“Les rumeurs sont fausses,” tweeted Anthony Martial on Wednesday: “The rumours are false.” Speculation this week had linked the forward with a move from Manchester United — Arsenal was a suggested destination for the French international — but, not for the first time, he used social media to refute gossip.
The latest rumours came about following a difficult second season for Martial at Old Trafford after an impressive first term. On and off the field, things could have been better for the man born and raised in the tough Paris cite of Les Ulis, where Thierry Henry and Patrice Evra also grew up.
Martial separated from the mother of his child, was exposed by British tabloid newspapers for indiscretions in his private life and also saw his fellow countryman Morgan Schneiderlin, initially his closest friend at United, sold to Everton.
After a personally disappointing Euro 2016 campaign, during which he was booed by France fans, Martial returned to his club to find himself stripped of the No. 9 shirt that was passed to Zlatan Ibrahimovic. Unlike Antonio Valencia, who once wore seven, Martial had not asked for the change.
In Jose Mourinho, Martial found a manager who wanted different things from Louis van Gaal, the man who’d bought the then-19-year-old from Monaco in August 2015. Mourinho started Martial in the first three league games of the season but, while all three were won, his displays underwhelmed. United’s manager was justified in dropping him for the fourth, a home derby loss to Manchester City.
Many times last season, Mourinho’s body language was negative regarding Martial and nor was it hidden, as fans who sit close to the dugouts regularly notice. Mourinho appears frustrated that such a talent isn’t fulfilling his immense potential; he also demands that players defend effectively — he wants more than simply running back behind the ball — and that requires more from Martial.
But remember this: Martial is still just 21-years-old. Even Cristiano Ronaldo, another expensive teen arrival at Old Trafford who didn’t initially speak English, struggled for consistency on his eventual rise to becoming the best player in the game.
It would be easy to say Martial overachieved in his first season, when he scored 17 times in all competitions, and underachieved in his second, which yielded just eight goals. But United had big expectations for him right from the start, which is why they paid AS Monaco £36 million, rising to a potential £58m.
The reaction from swathes of the English media was that the club had grossly overspent, but that view was quickly banished when Martial started playing and scored on his debut against Liverpool. Fans used the criticism as the inspiration for a popular song:
Tony Martial, he came from France,
The English press said he had no chance.
£50 million down the drain,
Tony Martial scores again.
The tune really took off at Tottenham in April 2016. By May of this year, when United returned to White Hart Lane, Martial’s stock had dipped. Even though he was almost exclusively played in a wide position, a return of four goals from 25 league appearances was poor. He was one of the players who failed to bridge the immense goals gap between Ibrahimovic and the rest.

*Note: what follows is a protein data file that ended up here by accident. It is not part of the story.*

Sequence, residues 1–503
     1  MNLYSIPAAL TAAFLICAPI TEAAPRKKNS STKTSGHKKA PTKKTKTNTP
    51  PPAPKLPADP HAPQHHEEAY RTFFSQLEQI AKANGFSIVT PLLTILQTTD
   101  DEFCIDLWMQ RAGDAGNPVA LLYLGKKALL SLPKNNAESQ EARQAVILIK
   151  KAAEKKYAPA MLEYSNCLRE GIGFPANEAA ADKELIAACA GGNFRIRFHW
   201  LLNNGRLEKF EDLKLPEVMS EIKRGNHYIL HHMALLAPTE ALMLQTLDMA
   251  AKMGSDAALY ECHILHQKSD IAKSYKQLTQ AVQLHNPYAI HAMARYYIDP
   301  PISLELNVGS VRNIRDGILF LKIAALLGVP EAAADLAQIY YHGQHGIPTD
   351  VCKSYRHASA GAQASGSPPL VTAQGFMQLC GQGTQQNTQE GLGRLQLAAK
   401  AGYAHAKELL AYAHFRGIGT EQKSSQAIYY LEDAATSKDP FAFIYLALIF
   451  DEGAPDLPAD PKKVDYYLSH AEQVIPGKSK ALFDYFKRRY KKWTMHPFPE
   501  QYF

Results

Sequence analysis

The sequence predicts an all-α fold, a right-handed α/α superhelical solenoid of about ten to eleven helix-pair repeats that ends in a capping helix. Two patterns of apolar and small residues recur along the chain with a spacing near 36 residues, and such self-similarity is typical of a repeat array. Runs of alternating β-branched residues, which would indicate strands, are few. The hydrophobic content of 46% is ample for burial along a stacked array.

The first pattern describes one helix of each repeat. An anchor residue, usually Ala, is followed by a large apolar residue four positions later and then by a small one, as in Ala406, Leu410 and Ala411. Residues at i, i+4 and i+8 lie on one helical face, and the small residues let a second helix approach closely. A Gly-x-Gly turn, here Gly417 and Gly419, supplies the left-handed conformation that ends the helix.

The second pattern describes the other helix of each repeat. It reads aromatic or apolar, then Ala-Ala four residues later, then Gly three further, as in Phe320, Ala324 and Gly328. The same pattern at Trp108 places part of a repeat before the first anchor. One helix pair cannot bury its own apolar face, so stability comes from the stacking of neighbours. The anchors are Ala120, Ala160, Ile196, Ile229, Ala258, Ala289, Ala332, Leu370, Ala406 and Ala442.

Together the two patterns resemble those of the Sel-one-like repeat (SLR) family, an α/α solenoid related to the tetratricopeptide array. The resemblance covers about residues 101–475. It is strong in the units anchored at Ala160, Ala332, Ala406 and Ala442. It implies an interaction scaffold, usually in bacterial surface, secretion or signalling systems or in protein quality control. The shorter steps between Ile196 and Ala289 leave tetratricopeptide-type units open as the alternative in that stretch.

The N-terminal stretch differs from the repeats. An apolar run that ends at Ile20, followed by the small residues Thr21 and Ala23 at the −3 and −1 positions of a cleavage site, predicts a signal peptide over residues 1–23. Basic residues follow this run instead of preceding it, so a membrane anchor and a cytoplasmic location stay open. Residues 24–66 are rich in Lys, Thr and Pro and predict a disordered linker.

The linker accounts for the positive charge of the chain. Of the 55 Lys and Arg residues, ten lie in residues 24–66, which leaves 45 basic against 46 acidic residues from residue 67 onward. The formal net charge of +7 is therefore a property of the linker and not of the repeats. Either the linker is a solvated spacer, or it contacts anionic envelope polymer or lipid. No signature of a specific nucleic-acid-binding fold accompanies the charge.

Perhaps Martial was hindered by his teammate’s immobility, as the pragmatic Mourinho realised his squad would be most effective by playing through its most consistent scorer, but highlights were few. Martial was the best player in United’s best performance of the season, a 4-1 EFL Cup home win against West Ham, and also started in the final of the competition, a 3-2 win over Southampton.
He doesn’t always look delighted with his lot and his demeanour can appear surly, yet those who know Martial insist that he’s popular and a contented figure around United’s training ground. He has a good grasp of English and players have been amazed at some of his tricks in training. He’s respected not only for his skills and blistering pace, but also his strength; defenders say he’s the most difficult man at the club to contain in training.
Martial is good friends with fellow forward Marcus Rashford and there are hopes the pair can achieve world-class status. They certainly have the ability; one of the three £7.2m add-on clauses in Martial’s United contract will be paid if he wins the Ballon d’Or before 2019.
Given Martial didn’t start the Europa League final vs. Ajax or the crucial semifinal second leg against Celta Vigo, that looks to be a stretch, but the tools are there.
“I felt a bit sorry for Anthony with the price tag,” says Nicky Butt, United’s Head of Academy. “But he’s still only 21. People need to be patient with him, but United also need leaders on the pitch. Anthony needs them to help him through tough times.”
United bought Martial to eventually be a centre-forward, the position in which he’d excelled during his final few games for Monaco, especially a Champions League qualifying win over Valencia. But he doesn’t always look like a natural in the position, instead appearing more comfortable on the left, cutting inside.
Only Mourinho knows if Martial fully features in his long-term plans. He needs love and confidence and, while United’s manager can have a tough outward demeanour, he’s also a compassionate individual who cares about his players, who respect him in return.
But Martial must take his chances and show more of the form that made his first season in England one to whet the appetite.
Andy Mitten is a freelance writer and the founder and editor of United We Stand. Follow him on Twitter: @AndyMitten.